One of the neatest things that I have been testing out at the Peaks Coaching Group Headquarters is the new Lemond Revolution trainer.First off, it feels so much like you are riding outdoors and you just don't feel like you are struggling to turn the pedals.  It's incredible and makes riding the trainer much nicer.  None of that: "Why is this so hard indoors?" feeling.   I was putting out the same watts on the revolution that I would normally put out on the road bike and that is always encouraging!   

Lemond Fitness has sent me the new prototype "Power Pilot" which will be capturing your power data, heart rate, speed and all that good stuff as well as  prompting you in the workout . This Spring 2011, I'll be designing Training Plans specifically built to upload into the "Power Pilot"!   This will make trainer time much easier and really simple to follow the workout. 

Monday, February 14, 2011

Don't Trust Your Legs on Stairs

by Sam Krieg, Peaks Coaching Group

Don't trust your legs on a flight of stairs.  They will always lie!  Stairs and cyclists are not friends.  They are the devil. I would only train 1 day per week if I used the stair test.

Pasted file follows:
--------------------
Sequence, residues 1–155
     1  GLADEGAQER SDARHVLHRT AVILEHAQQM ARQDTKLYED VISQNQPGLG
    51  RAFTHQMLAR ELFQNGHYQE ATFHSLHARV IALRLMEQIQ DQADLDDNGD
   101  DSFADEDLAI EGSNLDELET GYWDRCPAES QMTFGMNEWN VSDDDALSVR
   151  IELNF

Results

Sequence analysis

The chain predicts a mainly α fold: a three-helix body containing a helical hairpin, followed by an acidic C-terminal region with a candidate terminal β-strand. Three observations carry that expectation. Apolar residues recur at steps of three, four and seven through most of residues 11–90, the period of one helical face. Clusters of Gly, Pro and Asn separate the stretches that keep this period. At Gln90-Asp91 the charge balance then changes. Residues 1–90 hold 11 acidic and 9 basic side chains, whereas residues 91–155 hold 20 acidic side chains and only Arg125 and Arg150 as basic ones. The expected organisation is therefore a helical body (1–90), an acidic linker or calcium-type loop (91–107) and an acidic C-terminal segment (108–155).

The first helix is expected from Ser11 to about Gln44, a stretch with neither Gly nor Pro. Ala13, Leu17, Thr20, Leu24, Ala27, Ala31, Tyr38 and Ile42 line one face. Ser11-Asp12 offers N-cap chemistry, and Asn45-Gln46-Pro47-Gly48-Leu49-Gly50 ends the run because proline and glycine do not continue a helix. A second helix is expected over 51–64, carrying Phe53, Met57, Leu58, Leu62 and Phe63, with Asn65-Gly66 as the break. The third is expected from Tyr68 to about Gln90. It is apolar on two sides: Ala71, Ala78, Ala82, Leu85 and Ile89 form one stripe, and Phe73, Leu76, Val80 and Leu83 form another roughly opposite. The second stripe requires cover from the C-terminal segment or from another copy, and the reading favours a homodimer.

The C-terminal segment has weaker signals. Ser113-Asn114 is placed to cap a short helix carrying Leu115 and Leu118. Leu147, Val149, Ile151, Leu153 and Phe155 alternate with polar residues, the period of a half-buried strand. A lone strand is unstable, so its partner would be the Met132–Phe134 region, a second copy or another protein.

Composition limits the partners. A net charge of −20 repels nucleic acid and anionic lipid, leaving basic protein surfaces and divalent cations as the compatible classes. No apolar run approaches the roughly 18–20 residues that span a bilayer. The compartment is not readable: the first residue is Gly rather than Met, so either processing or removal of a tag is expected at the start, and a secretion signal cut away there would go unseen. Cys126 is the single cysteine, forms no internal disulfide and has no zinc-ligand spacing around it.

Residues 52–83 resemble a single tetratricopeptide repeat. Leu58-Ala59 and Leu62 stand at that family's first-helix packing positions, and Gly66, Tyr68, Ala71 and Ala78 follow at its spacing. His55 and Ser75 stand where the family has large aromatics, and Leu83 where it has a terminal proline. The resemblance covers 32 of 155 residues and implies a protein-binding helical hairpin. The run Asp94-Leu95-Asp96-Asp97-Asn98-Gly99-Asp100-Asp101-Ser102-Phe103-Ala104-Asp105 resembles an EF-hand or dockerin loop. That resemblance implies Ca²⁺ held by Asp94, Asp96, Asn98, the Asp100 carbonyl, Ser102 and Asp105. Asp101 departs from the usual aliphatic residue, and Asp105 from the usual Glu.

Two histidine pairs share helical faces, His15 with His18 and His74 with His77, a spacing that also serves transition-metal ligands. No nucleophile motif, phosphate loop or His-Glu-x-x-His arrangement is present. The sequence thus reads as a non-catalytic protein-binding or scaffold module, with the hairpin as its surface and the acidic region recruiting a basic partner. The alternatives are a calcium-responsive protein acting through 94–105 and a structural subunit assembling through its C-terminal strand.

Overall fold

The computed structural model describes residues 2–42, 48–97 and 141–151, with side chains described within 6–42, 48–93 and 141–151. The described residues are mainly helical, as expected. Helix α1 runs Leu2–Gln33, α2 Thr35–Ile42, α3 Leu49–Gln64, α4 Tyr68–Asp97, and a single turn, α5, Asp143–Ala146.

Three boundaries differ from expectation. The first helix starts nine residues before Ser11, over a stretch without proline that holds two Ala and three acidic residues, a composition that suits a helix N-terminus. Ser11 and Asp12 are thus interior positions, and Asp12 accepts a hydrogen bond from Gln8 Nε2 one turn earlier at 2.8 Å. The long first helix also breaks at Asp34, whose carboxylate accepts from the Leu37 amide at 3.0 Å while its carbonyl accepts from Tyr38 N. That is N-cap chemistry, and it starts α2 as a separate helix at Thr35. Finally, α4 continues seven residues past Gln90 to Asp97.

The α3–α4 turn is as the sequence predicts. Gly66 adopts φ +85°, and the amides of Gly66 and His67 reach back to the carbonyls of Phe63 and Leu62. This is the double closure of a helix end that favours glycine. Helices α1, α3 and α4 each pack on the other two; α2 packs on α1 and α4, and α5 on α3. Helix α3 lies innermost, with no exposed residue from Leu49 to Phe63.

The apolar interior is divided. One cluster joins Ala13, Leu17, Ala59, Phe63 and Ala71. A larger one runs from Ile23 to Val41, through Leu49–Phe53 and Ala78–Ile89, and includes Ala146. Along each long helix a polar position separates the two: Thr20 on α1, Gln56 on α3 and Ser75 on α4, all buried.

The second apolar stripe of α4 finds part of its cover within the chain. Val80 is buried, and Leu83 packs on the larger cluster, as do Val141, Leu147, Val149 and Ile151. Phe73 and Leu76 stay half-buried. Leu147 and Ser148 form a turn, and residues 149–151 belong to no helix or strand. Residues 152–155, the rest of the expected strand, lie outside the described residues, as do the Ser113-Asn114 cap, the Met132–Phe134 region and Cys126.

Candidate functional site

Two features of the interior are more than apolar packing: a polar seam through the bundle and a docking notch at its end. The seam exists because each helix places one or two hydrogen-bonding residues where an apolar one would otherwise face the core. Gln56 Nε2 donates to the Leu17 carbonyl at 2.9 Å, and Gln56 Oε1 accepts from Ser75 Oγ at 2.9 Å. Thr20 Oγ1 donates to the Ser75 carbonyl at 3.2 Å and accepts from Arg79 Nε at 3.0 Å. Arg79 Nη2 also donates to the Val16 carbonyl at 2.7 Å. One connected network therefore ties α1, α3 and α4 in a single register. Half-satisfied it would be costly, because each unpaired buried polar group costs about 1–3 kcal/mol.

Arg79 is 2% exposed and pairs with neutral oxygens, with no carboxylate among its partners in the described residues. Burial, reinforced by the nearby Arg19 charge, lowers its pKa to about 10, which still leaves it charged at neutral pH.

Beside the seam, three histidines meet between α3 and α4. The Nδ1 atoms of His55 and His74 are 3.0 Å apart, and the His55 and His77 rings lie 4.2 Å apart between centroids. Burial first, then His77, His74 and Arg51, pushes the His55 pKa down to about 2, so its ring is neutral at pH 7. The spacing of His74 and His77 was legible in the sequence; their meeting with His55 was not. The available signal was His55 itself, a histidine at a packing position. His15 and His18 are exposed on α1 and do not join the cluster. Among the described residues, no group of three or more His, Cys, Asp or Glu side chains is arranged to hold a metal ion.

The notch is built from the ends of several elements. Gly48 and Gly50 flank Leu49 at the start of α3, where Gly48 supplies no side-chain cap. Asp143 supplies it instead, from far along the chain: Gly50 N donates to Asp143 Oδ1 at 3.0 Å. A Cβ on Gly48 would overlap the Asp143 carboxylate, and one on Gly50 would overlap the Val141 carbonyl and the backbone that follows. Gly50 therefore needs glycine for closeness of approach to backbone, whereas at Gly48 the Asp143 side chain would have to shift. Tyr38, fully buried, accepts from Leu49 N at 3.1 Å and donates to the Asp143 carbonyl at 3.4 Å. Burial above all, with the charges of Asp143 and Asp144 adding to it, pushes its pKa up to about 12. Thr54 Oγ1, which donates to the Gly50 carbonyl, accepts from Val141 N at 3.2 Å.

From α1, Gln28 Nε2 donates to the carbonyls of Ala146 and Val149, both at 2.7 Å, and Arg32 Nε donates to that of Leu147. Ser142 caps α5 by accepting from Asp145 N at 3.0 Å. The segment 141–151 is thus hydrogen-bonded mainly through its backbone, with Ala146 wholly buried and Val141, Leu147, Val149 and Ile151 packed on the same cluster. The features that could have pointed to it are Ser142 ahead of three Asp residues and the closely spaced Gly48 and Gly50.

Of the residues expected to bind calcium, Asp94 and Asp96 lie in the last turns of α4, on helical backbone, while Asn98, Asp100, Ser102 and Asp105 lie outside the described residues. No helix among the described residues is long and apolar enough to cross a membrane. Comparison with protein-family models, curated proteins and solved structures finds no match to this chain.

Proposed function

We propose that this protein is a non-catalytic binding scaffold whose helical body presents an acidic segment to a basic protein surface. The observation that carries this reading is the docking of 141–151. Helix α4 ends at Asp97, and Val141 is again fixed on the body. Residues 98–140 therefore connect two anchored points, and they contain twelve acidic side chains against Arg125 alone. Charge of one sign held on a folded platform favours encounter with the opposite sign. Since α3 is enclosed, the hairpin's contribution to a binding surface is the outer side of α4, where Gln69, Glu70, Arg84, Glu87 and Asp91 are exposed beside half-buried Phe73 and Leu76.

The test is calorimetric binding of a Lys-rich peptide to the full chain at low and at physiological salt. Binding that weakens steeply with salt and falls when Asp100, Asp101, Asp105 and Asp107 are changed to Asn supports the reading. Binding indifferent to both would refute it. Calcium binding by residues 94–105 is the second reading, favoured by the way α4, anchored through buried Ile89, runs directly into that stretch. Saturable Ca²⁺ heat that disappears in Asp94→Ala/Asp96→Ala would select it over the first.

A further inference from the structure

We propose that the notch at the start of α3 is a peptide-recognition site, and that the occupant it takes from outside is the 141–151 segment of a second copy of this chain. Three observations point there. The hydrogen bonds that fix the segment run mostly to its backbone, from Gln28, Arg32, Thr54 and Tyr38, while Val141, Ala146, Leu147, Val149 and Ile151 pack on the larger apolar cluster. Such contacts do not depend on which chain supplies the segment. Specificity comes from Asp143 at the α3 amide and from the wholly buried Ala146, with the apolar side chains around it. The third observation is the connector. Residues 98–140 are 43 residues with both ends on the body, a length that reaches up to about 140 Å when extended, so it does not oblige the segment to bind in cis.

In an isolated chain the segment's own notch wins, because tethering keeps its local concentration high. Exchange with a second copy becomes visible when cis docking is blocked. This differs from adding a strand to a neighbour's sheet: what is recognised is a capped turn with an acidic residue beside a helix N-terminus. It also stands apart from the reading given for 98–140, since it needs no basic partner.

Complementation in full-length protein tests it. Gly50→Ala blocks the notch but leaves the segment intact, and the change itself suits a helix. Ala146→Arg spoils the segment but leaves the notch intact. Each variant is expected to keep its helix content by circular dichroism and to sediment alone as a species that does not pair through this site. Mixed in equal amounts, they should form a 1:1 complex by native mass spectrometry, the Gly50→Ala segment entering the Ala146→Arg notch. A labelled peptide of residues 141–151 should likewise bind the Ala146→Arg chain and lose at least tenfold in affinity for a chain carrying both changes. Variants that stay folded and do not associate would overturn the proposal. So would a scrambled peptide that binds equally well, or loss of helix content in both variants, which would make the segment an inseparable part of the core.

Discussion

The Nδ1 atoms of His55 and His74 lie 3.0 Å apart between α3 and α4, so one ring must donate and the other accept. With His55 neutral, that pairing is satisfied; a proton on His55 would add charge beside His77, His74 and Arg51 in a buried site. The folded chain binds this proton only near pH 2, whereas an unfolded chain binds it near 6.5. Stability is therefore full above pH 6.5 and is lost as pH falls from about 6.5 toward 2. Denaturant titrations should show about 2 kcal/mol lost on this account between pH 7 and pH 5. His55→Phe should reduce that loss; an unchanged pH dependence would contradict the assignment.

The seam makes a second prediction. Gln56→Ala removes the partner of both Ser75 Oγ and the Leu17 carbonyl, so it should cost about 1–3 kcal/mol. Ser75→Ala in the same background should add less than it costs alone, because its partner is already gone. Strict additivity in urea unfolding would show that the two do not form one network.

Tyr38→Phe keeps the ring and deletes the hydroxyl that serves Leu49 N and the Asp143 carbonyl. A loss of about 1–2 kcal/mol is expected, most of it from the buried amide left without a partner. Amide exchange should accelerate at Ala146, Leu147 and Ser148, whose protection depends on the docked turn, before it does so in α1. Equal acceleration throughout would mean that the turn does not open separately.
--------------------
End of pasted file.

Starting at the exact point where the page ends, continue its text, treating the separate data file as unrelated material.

If I listened to my legs I would have stopped training this morning, last week, and probably about 8 years ago. I have had some great days when I feel awful, and some awful days when I thought I felt great.  I have had the most negative TSB in the world and still have ridden peak wattages.

8 years ago I felt like I needed a ton more rest.......... and took it often.  Looking back I am pretty sure I rested myself right out of shape.

Four years ago I broke my back and spent 84 days in a brace.  I couldn't ride so I went to the gym and used the (stair-master) I learned a ton about my body/mind in those 84 days.  I couldn't sleep much so I would just walk around for 15 hours a day.  I would go to the gym for 1-2 hours to murder the stair machine. I never took a day off. I just would go until I would snap. Every morning at 3:30-4am my back would wake me up. It would hurt so bad.  Trying to sleep in TLSO brace isn’t fun.  I would get up and start walking.  Most of the pain would go away. I would head to the gym and just crush myself on the stair-master.  I found that if I ignored how my legs felt and gave myself a decent warm-up... I could perform just as good as the day before.